January 24
Seaweed Chronicles: A World at the Water’s Edge by Susan Hand Shetterly

Shetterly takes readers deep into the world of this essential organism by providing an immersive, often poetic look at life on the rugged shores of her beloved Gulf of Maine, where the growth and harvesting of seaweed is becoming a major industry. While examining the life cycle of seaweed and its place in the environment, she tells the stories of the men and women who farm and harvest it—and who are fighting to protect this critical species against forces both natural and man-made.


By Jill Larrabee

A new year and a new face at Stonington Public Library! When I accepted the job as the Stonington Public Library director in 2018, I was told that it is the best job in the world. It has lived up to that promise—and more! The library has brought many wonderful people into my life and broadened my experiences in our incredible community. It is with a heavy heart that I step down as the library director. The Covid-19 pandemic has necessitated many changes in everyone’s lives, and I am no longer able to balance the time required to run the library with the demands at home to care for my family. I am not saying goodbye to the library; rather, I am changing hats from director to volunteer.


Thankfully, the library’s search committee found a highly qualified library director, Christopher Ross, to fulfill the mission of the Stonington Public Library. I have had a chance to work with Chris over the past few weeks, and I am impressed with the energy and passion that he brings to the job. I look forward to seeing all he does to continue community connections, plan programs for all ages, and, of course, get books into the hands of readers.


By Christopher Ross

Looking back on the past year, I experienced the same break from the “before times” to life during a pandemic that Covid-19 dictated in everyone’s lives, so when I learned of the director opening at the Stonington Public Library, it offered hope for a brighter outlook in 2021. Spoiler alert: I got the job. I am ready to meet the challenges of managing the library’s services through the pandemic and into the “after times,” and my top priority is to connect with the people of Stonington through whatever means are available to us. The library’s figurative door remains open for book requests, reference questions, printing services, and more, and I greatly anticipate when I can welcome the public back inside the library.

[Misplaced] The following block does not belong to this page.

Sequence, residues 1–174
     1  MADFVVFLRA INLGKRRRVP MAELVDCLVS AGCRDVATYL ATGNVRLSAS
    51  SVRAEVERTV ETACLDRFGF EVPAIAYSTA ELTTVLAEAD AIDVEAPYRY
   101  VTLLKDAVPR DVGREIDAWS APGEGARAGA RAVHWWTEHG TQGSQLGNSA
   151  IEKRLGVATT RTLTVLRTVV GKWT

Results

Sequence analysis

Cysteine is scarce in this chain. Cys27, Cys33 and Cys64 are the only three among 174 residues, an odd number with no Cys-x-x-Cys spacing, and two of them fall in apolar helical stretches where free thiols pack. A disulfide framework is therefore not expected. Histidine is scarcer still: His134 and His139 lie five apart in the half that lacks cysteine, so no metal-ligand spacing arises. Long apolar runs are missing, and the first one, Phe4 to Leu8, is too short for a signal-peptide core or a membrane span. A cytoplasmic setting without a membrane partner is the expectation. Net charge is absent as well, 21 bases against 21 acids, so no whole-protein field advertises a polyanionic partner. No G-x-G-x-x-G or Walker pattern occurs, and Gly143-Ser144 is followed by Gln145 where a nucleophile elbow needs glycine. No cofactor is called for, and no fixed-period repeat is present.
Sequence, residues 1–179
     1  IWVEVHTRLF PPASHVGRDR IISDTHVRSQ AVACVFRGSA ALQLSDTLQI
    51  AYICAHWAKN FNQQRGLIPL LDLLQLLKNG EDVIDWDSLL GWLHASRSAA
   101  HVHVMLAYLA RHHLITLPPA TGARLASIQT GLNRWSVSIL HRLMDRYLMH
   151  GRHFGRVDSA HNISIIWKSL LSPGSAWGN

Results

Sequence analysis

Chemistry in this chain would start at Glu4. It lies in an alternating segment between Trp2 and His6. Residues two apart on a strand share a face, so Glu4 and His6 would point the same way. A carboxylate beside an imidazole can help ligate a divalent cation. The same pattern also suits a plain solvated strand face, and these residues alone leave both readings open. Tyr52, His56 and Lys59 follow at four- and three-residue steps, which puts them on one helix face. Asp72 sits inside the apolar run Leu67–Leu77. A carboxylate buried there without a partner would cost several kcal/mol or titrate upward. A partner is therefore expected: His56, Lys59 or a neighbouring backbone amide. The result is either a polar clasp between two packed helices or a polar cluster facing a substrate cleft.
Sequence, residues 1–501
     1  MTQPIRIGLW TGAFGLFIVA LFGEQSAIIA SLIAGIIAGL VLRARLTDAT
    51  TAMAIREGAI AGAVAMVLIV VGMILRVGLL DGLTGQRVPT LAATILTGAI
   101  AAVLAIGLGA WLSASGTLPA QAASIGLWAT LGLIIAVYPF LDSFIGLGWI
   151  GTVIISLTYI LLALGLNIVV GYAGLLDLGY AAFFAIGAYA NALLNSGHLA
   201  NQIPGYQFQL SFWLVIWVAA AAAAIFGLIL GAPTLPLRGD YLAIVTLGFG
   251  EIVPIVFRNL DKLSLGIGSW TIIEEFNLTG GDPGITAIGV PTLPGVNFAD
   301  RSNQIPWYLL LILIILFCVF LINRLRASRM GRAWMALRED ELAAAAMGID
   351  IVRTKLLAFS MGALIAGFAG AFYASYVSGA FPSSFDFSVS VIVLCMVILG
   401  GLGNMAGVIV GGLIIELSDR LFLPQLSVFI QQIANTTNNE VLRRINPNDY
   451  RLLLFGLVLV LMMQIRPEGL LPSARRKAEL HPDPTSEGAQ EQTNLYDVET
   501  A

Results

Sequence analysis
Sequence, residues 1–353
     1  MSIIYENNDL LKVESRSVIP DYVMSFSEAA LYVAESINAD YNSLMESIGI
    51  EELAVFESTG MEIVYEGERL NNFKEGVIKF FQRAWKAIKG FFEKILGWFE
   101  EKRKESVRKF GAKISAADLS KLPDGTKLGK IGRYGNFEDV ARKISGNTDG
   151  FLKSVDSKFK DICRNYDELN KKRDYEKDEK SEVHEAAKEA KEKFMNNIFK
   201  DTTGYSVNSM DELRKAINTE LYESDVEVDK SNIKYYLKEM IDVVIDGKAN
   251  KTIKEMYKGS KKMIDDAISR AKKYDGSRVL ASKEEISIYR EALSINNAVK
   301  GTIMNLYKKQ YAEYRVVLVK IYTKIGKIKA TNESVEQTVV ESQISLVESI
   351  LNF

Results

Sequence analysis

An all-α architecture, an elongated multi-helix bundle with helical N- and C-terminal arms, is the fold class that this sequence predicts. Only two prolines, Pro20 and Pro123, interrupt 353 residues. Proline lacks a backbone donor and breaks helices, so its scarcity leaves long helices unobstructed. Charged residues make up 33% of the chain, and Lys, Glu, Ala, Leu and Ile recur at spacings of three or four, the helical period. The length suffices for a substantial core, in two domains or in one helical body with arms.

There is no neat way to give my full back story in one column, so I will share a few highlights. I have lived on Isle au Haut for the past three years, where I have gotten used to taking on many different roles, but my work in the island and school libraries has been the most rewarding by far. I have taken equal pleasure in reviewing and cataloging the collections and serving as the winter librarian and the board’s co-chair. Libraries are not unlike gardens for the amount of work that goes into tending them in order to cultivate something for all to appreciate.


Libraries run in my blood. I am hard pressed to think of an earlier memory than walking through our local library’s turnstile hand-in-hand with my mom. She instilled me with an appetite for discovery through reading, and she went on to a 30-year career in New Hampshire public libraries. I shadowed the children’s librarian in my hometown before I was old enough to think of myself an intern. I have been a proud card holder at libraries spanning from rural New England to northeastern China, and I earned a master’s in library and information science from St. John’s University in New York. For me, this opportunity is like setting a kid loose in a candy store. 


 I majored in Chinese language and literature at Oberlin College, and I have spent nearly a decade in total living, working, and studying in China, where I achieved near fluency in Mandarin Chinese. I am already at work on plans for a Chinese New Year themed story time and craft to welcome in the Year of the Ox. Finally, no introduction would be complete without a mention of my crossword addiction. More accurately, I love wordplay. The New York Times daily crossword puzzle is just the tip of the iceberg, and I can go from zero to geeking out faster than you can say “logophile.” Don’t hesitate to ask me more about my years abroad, crosswords, or anything else that piques your interest.